Amen to that, Cynthia!!

  6. Susan
    May 12, 2014, 9:14 am   /  Reply

    This has been one of the best life lessons, one I’m trying to pass on to my kids early. My oldest is a perfectionist…this is going to be one hard, long lesson to teach him:)

    • May 12, 2014, 3:42 pm   /  Reply

      … Susan:

      And maybe, just maybe, you won’t be the one to teach it to him. Not that you won’t try … but who knows how God will teach him the truth?

  7. May 12, 2014, 9:37 am   /  Reply

    This is so true, Beth! It is difficult sometimes to take risks, but they are part of the path to success. Encouraging reminder.

    • May 12, 2014, 3:42 pm   /  Reply

      Thanks, Michelle — and thanks for joining the conversation today!

  8. May 12, 2014, 9:47 am   /  Reply

    Beth, wonderful point. We will all make mistakes along the way. It’s the learning and growing that comes from those mistakes that count. God uses our mistakes for our good. It’s how He teaches us sometimes.

    I’m not sure I’m fully okay with making mistakes, but I am learning to laugh at myself a lot more when those goof-up moments come around. Laughter is good right?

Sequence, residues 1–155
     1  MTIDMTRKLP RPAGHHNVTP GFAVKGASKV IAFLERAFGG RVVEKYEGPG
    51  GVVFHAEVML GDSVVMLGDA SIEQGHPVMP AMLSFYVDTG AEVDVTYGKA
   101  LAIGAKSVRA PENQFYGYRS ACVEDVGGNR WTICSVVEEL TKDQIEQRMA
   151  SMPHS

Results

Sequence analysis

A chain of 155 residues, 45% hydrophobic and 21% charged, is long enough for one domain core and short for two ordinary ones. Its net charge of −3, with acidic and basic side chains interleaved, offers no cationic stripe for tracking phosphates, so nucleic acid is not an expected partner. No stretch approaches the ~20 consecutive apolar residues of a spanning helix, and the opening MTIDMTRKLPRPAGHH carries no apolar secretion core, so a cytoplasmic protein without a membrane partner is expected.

Blessings,
    Andrea

    • May 12, 2014, 3:43 pm   /  Reply

      Laughter is good — as a matter of fact, it’s my favorite sound.
      And yes, when I can relax about a mistake, it’s definitely easier to handle.

  9. May 12, 2014, 10:15 am   /  Reply

    I hate looking stupid. But surely, I should be used to it by now?

    I’m not afraid of hard lessons, but I am afraid of unintentionally hurting people. Which is odd, coming from someone who shoots her mouth off at Olympic levels of skill and performance.

    I am learning to be less crippled by mistakes, because I’ve learned that one man’s mistake is always God’s hand at work. Somehow, He redeems what has gone bad. Whether or not we ever see that redemption is up to Him.

    • May 12, 2014, 3:44 pm   /  Reply

      Jennifer:
      I think that could become a prayer:
      Lord please redeem my mistakes and use them for good.
      🙂

  10. May 12, 2014, 4:48 pm   /  Reply

    Some of my best pottery pieces were failures–but people loved them and bought them. I started calling them stress pieces. It is with failure that we learn. Success usually makes us complacent.

Leave a Reply

Your email address will not be published. Required fields are marked *

You may use these HTML tags and attributes: <a href="" title=""> <abbr title=""> <acronym title=""> <b> <blockquote cite=""> <cite> <code> <del datetime=""> <em> <i> <q cite=""> <s> <strike> <strong>

*